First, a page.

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Achieving Fiscal Balance in Japan

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Japan’s population is aging fast and the ratio of Japanese Government Bonds (JGBs) to GDP is highest among advanced economies. In addition, further government spending is expected, causing concerns about the potential for JGBs to become a significant global issue. In this paper we build a micro-data based, large-scale overlapping generations model for Japan in which individuals differ in age, gender, employment type, income, and asset holdings, and incorporate the Japanese pension rules in detail. We estimate age-consumption and age-earnings profiles from micro data, assume complete markets and use these to generate tax revenues and transfer payments for government accounts. We calibrate the model so that it replicates the main macroeconomic and fiscal indicators for 2010. Using existing pension law and fiscal parameters and the medium variants of fertility and survival probability projections, we produce future time paths for JGBs and the pension fund.

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Paper provided by Hunter College Department of Economics in its series Economics Working Paper Archive at Hunter College with number 441.

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Date of creation: 2013
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Handle: RePEc:htr:hcecon:441

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Keywords: Fiscal balance; Social security; Demographic trends;

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  1. Doi, Takero & Hoshi, Takeo & Okimoto, Tatsuyoshi, 2011. "Japanese government debt and sustainability of fiscal policy," Journal of the Japanese and International Economies, Elsevier, vol. 25(4), pages 414-433.
  2. Gunji, Hiroshi & Miyazaki, Kenji, 2011. "Estimates of average marginal tax rates on factor incomes in Japan," Journal of the Japanese and International Economies, Elsevier, vol. 25(2), pages 81-106, June.
  3. "Imrohoroglu, Selahattin" & "Sudo, Nao", 2011. "Will a Growth Miracle Reduce Debt in Japan?," Economic Review, Hitotsubashi University, vol. 62(1), pages 44-56, January.
  4. Fumio Hayashi & Edward C. Prescott, 2002. "Data Appendix to The 1990s in Japan: A Lost Decade," Technical Appendices hayashi02, Review of Economic Dynamics.
  5. Jeremy Lise & Nao Sudo & Michio Suzuki & Ken Yamada & Tomoaki Yamada, . "Wage, Income and Consumption Inequality in Japan, 1981-2008: from Boom to Lost Decades," Review of Economic Dynamics, Elsevier for the Society for Economic Dynamics.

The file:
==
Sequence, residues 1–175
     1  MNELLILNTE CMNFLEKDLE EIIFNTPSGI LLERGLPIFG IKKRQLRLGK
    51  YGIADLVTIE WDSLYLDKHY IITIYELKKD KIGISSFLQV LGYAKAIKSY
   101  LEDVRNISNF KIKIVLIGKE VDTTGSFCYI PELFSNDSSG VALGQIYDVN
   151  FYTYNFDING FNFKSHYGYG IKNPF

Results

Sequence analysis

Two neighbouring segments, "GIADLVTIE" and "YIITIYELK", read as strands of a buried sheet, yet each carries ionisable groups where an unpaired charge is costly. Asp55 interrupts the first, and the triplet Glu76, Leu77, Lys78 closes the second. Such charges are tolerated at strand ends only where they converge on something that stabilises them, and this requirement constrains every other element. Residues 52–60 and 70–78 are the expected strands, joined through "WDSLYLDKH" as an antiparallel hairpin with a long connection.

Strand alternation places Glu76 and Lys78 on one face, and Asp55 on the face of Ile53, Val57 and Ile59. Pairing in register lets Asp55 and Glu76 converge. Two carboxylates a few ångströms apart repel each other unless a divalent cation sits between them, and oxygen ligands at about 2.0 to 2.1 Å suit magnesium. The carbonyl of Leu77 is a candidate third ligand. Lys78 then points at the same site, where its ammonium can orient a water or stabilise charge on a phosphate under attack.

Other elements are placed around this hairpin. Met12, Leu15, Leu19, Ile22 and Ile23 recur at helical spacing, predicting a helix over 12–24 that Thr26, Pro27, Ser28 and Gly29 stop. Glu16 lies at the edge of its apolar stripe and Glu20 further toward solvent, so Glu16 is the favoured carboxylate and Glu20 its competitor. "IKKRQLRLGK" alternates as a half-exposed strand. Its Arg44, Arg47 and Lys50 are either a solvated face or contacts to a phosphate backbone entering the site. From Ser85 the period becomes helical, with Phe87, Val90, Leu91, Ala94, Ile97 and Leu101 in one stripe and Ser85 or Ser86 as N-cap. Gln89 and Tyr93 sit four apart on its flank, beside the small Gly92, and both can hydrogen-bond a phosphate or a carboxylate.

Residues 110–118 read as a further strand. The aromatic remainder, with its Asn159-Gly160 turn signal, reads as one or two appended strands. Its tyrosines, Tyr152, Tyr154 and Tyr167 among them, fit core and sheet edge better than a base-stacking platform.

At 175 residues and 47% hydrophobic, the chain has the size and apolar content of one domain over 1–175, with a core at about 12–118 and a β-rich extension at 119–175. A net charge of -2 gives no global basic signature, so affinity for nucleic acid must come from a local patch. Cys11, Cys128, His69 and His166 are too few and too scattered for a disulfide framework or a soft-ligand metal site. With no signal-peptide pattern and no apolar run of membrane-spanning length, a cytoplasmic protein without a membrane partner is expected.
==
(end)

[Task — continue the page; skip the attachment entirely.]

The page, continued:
6. Selahattin Imrohoroglu & Nao Sudo, 2010. "Productivity and Fiscal Policy in Japan: Short Term Forecasts from the Standard Growth Model," IMES Discussion Paper Series 10-E-23, Institute for Monetary and Economic Studies, Bank of Japan.
  7. Attanasio Orazio P. & Gianluca Violante, 1999. "Global Demographic Trends and Social Security Reform," REVISTA DESARROLLO Y SOCIEDAD, UNIVERSIDAD DE LOS ANDES-CEDE.
  8. Storesletten, Kjetil, 2001. "Fiscal Implications of Immigration - A Net Present Value Calculation -," Seminar Papers 701, Stockholm University, Institute for International Economic Studies.
  9. Masaya Sakuragawa & Kaoru Hosono, 2010. "Fiscal Sustainability Of Japan: A Dynamic Stochastic General Equilibrium Approach," The Japanese Economic Review, Japanese Economic Association, vol. 61(4), pages 517-537, December.
  10. Takeo Hoshi & Takatoshi Ito, 2012. "Defying Gravity: How Long Will Japanese Government Bond Prices Remain High?," NBER Working Papers 18287, National Bureau of Economic Research, Inc.
  11. Genda, Yuji & Kambayashi, Ryo, 2002. "Declining Self-Employment in Japan," Journal of the Japanese and International Economies, Elsevier, vol. 16(1), pages 73-91, March.
  12. Fumio Hayashi & Edward C. Prescott, 2000. "The 1990s in Japan: a lost decade," Working Papers 607, Federal Reserve Bank of Minneapolis.
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Cited by:
  1. Gary D. Hansen & Selahattin Imrohoroglu, 2013. "Fiscal Reform and Government Debt in Japan: A Neoclassical Perspective," IMES Discussion Paper Series 13-E-10, Institute for Monetary and Economic Studies, Bank of Japan.

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